Everyone, even the Tories, agrees that Britain has a housing crisis. The government’s Housing White Paper, published in January, was called “Fixing our broken housing market.”
The problem is that the Tories offer a few tweaks to the planning system and then revert to market solutions. The idea is that private developers will then build more houses and the increased supply should bring down prices and private rents — problem solved.
The most visible sign of the crisis is homelessness. On any average night in England, approximately 4,000 people are sleeping rough — twice the number of 2010. The numbers of people applying to local councils for help because they are homeless has also doubled over the same period.
As of December 2015, 75,740 households were in temporary accommodation, waiting for a permanent home: 10 per cent more than the previous year and 58 per cent more than in 2010. These days a permanent home no longer means a long-term home, or a council home. A permanent home could mean just one year’s tenancy in the private rented sector.
The key issue is supply — but not the supply of expensive homes for sale. Average house prices are now around seven times average annual earnings.
The average rent paid in the private rented sector is £179 per week and in London £298 per week. Some Londoners pay up to 70 per cent of their income in rent. Shelter estimates that, nationally, half of all privately renting tenants struggle to pay their rent.
Building more homes for sale or commercial rent might bring prices down, but only if the market is sufficiently saturated that demand starts to decrease. When housing campaigners estimate that at least 250,000 new homes need to be built each year in order to keep up with demand and the numbers built last year were only around 150,000, the scale of the crisis is obvious.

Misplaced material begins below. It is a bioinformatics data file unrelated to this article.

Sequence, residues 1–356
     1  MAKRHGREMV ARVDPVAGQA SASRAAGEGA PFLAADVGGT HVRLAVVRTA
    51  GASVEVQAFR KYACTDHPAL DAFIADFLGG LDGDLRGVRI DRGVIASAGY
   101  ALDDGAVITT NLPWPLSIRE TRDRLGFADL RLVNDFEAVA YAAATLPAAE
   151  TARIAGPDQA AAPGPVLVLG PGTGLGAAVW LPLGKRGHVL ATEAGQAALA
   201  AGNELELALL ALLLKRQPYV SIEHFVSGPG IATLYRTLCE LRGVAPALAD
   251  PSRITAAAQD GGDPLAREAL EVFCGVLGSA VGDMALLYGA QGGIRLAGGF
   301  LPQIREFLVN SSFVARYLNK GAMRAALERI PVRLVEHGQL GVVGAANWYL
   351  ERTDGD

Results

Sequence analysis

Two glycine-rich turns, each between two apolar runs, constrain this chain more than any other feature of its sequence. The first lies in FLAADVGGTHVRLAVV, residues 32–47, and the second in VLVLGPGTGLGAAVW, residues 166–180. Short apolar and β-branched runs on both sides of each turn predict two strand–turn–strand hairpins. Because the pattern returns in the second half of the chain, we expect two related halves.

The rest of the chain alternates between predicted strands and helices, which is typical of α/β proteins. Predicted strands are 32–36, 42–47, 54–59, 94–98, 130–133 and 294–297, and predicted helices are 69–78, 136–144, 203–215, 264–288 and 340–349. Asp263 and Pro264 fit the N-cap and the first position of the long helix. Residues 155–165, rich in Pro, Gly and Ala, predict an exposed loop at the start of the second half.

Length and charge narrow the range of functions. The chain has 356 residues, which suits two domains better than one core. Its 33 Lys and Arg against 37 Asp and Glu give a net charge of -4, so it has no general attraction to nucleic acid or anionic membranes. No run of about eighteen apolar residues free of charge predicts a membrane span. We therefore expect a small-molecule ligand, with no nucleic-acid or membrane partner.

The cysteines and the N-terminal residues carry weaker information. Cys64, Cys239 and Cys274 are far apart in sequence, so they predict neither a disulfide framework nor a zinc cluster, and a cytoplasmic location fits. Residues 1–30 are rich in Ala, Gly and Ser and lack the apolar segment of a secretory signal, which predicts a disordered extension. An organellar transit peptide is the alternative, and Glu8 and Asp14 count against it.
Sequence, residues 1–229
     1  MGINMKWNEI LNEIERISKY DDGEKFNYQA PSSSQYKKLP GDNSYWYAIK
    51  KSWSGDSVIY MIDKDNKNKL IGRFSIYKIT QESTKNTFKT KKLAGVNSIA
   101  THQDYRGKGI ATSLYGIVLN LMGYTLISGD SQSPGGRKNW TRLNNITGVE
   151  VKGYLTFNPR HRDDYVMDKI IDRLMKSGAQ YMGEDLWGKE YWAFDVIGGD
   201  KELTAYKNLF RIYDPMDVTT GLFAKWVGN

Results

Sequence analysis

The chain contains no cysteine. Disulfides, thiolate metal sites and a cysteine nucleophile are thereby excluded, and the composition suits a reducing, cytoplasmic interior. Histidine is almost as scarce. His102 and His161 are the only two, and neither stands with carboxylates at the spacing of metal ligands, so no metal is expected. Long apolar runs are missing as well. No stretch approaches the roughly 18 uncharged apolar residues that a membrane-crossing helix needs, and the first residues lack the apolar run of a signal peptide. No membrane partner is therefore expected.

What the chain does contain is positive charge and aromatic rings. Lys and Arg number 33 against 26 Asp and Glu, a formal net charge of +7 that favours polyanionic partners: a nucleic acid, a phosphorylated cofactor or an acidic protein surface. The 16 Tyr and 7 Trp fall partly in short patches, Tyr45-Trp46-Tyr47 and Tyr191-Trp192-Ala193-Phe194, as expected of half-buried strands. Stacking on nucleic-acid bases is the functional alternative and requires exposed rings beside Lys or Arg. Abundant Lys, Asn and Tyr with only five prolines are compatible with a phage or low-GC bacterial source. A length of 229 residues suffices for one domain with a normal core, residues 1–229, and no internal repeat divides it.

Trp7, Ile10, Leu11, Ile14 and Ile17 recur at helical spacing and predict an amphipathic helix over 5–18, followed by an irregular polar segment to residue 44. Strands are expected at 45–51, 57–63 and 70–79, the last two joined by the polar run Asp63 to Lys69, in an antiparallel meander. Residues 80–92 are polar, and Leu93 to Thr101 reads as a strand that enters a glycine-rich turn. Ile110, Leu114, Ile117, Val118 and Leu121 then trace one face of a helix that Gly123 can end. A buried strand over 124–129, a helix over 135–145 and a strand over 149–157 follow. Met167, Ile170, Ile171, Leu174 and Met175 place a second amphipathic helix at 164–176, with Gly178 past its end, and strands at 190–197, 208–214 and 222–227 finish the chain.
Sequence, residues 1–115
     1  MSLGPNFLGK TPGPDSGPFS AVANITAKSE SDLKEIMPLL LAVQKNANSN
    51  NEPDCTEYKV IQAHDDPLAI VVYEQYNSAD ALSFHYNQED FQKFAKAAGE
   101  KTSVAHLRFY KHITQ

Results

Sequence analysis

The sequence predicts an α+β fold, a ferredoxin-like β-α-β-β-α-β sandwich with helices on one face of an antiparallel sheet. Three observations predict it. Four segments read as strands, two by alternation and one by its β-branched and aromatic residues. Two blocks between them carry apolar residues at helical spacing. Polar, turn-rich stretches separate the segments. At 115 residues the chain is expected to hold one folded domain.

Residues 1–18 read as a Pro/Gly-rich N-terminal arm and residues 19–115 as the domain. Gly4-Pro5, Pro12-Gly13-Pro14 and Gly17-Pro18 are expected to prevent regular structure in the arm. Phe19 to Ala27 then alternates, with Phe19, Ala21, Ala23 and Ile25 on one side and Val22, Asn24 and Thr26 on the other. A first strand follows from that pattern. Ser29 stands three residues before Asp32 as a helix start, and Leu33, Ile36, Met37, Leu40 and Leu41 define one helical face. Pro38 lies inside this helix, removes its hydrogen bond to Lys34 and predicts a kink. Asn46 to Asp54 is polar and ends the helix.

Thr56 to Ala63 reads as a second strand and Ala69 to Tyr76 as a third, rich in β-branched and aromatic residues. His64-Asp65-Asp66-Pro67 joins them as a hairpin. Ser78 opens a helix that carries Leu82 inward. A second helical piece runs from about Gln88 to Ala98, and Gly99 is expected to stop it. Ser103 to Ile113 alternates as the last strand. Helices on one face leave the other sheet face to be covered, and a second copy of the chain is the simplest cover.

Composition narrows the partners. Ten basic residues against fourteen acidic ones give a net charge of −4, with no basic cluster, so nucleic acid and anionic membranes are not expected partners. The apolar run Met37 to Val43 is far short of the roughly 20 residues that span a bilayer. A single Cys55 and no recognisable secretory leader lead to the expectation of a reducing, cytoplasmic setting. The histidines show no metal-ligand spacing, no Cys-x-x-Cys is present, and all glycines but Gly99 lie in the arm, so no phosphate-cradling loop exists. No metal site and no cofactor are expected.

The issue is supply of genuinely affordable housing.
Labour went into the 2015 general election with a detailed manifesto on housing. It included a promise to build 200,000 new homes each year, to control private rents by legislating to require landlords to offer three-year tenancies and to give local authorities powers to penalise developers who leave land earmarked for house building empty — “land banking.” This practice by developers illustrates just how the market cannot deliver sufficient numbers of affordable homes — it can be more profitable for developers to acquire land and then sit back and watch it escalate in value without even building on it.
When Jeremy Corbyn stood for re-election as Labour Party leader in 2016 he stood on a manifesto of 10 pledges. His housing pledge was that a Labour government would build 1,000,000 new homes over five years with at least half of those homes built by councils.
The onerous restrictions on councils borrowing money would be lifted and councils would be enabled to borrow using their existing stock as security.
Building more council homes would start to meet the affordability gap — people who cannot afford to buy and are struggling to pay private rents would have another option. Council waiting lists would decrease. And, as housing became less of a scarce resource, house prices and private rents might yet fall.